Attending a New England summer camp as an adolescent, young Erik Schroder - a first generation East German immigrant - adopts a new name and a new persona - Eric Kennedy - in the hopes that it will help him fit in. This fateful white lie will set him on an improbable and ultimately tragic course.
Schroder relates the story of Eric's urgent escape years later through the New England countryside with his six-year-old daughter, Meadow, in an attempt to outrun the authorities amidst a heated custody battle with his wife, who will soon discover that her husband is not who he says he is. From a correctional facility, Eric surveys the course of his life in order to understand - and maybe even explain - his behaviour; the painful separation from his mother in childhood; a harrowing escape to America with his taciturn father; a romance that withered under a shadow of lies; and his proudest moments and greatest regrets as a flawed but loving father.
About Amity GaigeSee more books from this Author
...the item that brings about Schroder’s downfall is perfect, both dramatic and mundane. The reader will realize that he or she has been given every detail necessary to see what was coming, yet didn’t, which is plot-making of the highest order.Read Full Review of Schroder: A Novel | See more reviews from NY Times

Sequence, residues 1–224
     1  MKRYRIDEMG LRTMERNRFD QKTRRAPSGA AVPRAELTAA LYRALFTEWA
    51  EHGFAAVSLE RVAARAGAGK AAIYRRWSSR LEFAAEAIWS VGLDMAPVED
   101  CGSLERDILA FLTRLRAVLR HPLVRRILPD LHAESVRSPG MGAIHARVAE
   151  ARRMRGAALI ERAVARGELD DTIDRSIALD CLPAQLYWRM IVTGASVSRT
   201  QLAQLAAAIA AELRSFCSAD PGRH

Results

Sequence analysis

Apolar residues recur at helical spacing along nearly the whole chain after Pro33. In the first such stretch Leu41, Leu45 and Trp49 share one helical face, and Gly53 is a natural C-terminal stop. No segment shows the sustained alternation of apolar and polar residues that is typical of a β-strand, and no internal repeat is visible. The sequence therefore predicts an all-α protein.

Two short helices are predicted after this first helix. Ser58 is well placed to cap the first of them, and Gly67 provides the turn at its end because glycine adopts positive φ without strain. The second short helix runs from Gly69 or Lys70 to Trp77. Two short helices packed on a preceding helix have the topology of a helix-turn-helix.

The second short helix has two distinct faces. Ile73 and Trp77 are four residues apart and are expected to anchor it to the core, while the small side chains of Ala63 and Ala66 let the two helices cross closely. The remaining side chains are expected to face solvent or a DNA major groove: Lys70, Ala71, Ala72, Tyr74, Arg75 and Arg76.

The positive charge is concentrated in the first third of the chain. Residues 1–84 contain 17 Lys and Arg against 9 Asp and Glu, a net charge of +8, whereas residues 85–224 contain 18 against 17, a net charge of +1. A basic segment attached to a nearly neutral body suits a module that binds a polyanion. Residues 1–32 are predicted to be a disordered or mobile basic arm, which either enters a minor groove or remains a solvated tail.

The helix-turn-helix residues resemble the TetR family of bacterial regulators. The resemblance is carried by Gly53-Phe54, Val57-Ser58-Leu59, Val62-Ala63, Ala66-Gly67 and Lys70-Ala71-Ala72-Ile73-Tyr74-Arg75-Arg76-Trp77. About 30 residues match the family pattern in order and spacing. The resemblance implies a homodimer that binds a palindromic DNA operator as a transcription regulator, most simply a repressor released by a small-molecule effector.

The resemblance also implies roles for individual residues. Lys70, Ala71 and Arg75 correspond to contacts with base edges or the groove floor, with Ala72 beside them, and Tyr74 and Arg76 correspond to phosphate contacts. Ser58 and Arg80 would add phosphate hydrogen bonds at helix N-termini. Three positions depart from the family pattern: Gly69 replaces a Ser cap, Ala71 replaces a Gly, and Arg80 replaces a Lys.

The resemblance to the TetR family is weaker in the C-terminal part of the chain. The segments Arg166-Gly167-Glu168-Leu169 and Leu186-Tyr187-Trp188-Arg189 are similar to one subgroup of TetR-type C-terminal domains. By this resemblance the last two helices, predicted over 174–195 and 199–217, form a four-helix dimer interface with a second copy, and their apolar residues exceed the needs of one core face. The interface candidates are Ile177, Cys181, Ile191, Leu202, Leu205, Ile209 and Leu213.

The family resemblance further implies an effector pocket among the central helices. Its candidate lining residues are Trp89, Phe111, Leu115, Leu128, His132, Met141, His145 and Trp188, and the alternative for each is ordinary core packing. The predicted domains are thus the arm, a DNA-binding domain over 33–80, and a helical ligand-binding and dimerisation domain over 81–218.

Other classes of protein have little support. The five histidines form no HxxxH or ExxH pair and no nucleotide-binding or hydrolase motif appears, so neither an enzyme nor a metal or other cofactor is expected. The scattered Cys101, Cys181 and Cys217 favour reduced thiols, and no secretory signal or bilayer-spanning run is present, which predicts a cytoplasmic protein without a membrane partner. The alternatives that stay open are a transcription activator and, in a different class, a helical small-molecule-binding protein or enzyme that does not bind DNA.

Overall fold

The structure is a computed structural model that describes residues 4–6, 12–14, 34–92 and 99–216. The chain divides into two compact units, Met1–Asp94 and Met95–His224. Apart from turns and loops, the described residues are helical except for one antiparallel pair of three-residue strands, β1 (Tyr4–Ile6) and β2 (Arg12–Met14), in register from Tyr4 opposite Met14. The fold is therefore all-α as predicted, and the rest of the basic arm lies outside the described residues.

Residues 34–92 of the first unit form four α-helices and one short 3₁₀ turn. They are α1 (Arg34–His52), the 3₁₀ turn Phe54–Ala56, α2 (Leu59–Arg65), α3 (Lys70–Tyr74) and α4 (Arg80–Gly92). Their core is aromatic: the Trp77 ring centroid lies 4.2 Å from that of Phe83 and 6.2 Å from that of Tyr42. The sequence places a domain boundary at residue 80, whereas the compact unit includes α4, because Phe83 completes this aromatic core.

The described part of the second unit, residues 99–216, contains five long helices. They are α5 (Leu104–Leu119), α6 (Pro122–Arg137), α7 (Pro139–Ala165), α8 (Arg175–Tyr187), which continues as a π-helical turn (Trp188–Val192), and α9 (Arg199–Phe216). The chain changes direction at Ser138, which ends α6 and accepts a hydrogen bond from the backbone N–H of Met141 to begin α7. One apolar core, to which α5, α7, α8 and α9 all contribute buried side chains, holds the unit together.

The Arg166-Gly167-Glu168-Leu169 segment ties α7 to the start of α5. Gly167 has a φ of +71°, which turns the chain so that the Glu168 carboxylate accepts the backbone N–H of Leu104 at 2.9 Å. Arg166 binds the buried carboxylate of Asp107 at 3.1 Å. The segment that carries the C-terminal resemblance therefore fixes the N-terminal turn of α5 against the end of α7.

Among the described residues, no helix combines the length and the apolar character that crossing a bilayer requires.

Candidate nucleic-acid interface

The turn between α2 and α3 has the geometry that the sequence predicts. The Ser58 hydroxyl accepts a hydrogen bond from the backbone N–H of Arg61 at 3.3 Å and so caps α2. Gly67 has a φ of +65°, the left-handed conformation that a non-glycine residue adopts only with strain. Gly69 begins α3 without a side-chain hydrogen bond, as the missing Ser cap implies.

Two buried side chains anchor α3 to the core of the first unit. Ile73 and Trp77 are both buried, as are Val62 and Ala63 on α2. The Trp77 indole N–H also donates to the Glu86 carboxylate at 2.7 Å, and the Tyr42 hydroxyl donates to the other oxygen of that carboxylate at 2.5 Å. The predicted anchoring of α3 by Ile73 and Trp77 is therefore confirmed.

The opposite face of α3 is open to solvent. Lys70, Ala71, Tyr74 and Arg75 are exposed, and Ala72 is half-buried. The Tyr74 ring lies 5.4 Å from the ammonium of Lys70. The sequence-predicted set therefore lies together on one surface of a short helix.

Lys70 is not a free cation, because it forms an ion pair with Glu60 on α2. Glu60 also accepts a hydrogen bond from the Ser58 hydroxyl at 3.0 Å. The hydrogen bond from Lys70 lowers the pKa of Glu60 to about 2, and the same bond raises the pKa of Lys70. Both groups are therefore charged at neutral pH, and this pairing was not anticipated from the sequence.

Ms. Gaige wisely avoids any narrative detachment in “Schroder.” We are so deeply inside Eric’s thoughts that it becomes mesmerizingly difficult to see when he began lapsing into the verboten.Read Full Review of Schroder: A Novel | See more reviews from NY Times
There are many remarkable things about Schroder, but most impressive is the amount of sympathy it wrings from a grim, all too familiar scenario: a custody battle that has spun out of control.Read Full Review of Schroder: A Novel | See more reviews from Toronto Star
Linking too obviously to the symbolism of the cold-war Germany that Eric left behind, with its metaphors of flight and division, is the only misstep. Readers do not need such neat explanations to follow this flawed yet caring father.Read Full Review of Schroder: A Novel | See more reviews from The Economist
Gaige has managed an excellent feat of storytelling, creating a flawed and compelling character who is at once distinct and individual and a symbol of our society.Read Full Review of Schroder: A Novel | See more reviews from National Post arts
Gaige has managed an excellent feat of storytelling, creating a flawed and compelling character who is at once distinct and individual and a symbol of our society. Schroder will make you look differently and more deeply at headlines and custody battles and your response to them.Read Full Review of Schroder: A Novel | See more reviews from National Post arts
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